Sometimes you don’t have the five minutes that it takes to read a whole article or the attention span to care about reaching the ending. A new bit of software called TLDR wants to truncate articles you find on the Web into more of a bit-size ordeal. Coming from the Internet shorthand for “too long; didn’t read,” the software looks to do the same with anything you might come across on the Web.
Using its context-sensitive engine known as Liquid Helium, the app pulls out all the redundant information while keeping the essence of the article intact. You get a short summary of the article before deciding to delve in any further. You can choose from three different ranges of editing, from only 25 percent removed in the long version to a hefty 75 percent of the original text removed in the short version.
Having just installed the software to my browser, I headed over to the world desk of CNN to see if the app could pull out the optimal bits from the often complex topics of world affairs. Where it lacks in elegance, it makes up in content. TLDR stripped away several world stories and picked up on the main paragraph for most of the summaries. The edited version of the news kept the important content, but you lose some of the readability when you’re only pulling out the lines with context.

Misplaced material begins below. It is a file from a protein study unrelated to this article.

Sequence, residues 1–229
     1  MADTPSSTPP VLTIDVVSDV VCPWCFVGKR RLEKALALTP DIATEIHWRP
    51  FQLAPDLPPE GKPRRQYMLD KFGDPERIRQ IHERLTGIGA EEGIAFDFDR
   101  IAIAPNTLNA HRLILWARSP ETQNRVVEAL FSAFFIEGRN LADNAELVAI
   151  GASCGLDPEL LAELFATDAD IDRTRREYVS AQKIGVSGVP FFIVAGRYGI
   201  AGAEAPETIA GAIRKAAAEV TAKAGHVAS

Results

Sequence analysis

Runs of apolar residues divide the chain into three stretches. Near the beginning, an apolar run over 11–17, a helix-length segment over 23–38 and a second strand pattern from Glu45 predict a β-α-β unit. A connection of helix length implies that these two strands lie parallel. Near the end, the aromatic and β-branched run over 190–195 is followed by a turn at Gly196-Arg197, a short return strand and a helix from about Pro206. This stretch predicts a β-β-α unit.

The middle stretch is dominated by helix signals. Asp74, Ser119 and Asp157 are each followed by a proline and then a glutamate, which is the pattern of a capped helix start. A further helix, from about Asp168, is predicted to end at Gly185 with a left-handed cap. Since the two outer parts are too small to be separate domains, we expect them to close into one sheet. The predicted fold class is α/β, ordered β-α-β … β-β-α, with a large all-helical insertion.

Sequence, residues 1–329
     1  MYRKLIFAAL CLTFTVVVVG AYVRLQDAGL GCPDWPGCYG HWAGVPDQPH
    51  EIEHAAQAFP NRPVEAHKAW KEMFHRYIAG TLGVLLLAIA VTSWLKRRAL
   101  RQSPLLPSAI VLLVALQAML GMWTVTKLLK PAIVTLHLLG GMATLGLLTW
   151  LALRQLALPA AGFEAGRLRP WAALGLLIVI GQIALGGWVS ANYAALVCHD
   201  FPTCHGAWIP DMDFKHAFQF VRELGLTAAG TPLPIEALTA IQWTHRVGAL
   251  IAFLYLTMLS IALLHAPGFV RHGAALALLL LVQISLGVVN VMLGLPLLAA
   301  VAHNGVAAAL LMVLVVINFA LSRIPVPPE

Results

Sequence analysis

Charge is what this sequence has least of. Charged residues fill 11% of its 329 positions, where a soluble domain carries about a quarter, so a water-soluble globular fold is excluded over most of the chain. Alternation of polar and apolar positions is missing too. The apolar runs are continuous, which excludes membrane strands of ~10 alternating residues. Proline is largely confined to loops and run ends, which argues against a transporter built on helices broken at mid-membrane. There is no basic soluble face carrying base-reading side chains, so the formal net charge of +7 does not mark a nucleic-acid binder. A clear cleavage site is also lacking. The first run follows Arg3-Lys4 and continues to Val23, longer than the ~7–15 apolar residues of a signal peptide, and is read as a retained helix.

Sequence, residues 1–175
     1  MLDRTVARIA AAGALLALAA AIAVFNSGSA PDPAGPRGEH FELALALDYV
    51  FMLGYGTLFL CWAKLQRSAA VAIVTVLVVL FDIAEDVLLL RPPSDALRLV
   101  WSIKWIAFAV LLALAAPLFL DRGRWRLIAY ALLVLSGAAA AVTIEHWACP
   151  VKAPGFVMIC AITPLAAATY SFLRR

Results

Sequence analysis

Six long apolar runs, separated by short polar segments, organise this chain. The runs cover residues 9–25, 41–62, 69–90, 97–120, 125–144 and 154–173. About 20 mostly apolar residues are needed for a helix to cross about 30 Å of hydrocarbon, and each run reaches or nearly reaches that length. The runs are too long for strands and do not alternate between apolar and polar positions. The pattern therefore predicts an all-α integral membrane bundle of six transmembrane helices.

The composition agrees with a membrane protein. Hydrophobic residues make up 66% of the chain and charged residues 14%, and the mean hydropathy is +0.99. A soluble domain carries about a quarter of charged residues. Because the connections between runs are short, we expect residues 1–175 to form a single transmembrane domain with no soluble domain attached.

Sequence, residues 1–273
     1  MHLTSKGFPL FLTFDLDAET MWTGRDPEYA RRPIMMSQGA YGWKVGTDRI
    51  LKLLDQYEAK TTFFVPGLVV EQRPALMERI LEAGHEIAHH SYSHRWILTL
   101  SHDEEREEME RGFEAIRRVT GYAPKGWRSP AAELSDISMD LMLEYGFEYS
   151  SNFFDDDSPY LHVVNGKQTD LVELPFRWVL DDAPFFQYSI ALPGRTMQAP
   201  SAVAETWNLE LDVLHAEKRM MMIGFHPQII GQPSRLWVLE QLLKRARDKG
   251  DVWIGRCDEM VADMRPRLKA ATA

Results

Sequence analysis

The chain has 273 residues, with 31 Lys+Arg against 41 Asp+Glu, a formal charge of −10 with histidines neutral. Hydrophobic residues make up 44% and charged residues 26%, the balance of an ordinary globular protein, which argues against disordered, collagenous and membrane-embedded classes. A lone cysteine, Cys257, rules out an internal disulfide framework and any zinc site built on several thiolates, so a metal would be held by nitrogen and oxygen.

I’ll stick to reading the whole story for now, but I’ll keep an eye out for the iPhone reader version of TLDR to save on a little battery life and eye strain. Those with Android phones can try it out now.
You can try out the app now for your browser by heading over to the site now. TLDR: You no longer have an excuse to find the information you need.
This story, "TLDR software keeps it short, sweet, and simple" was originally published by TechHive.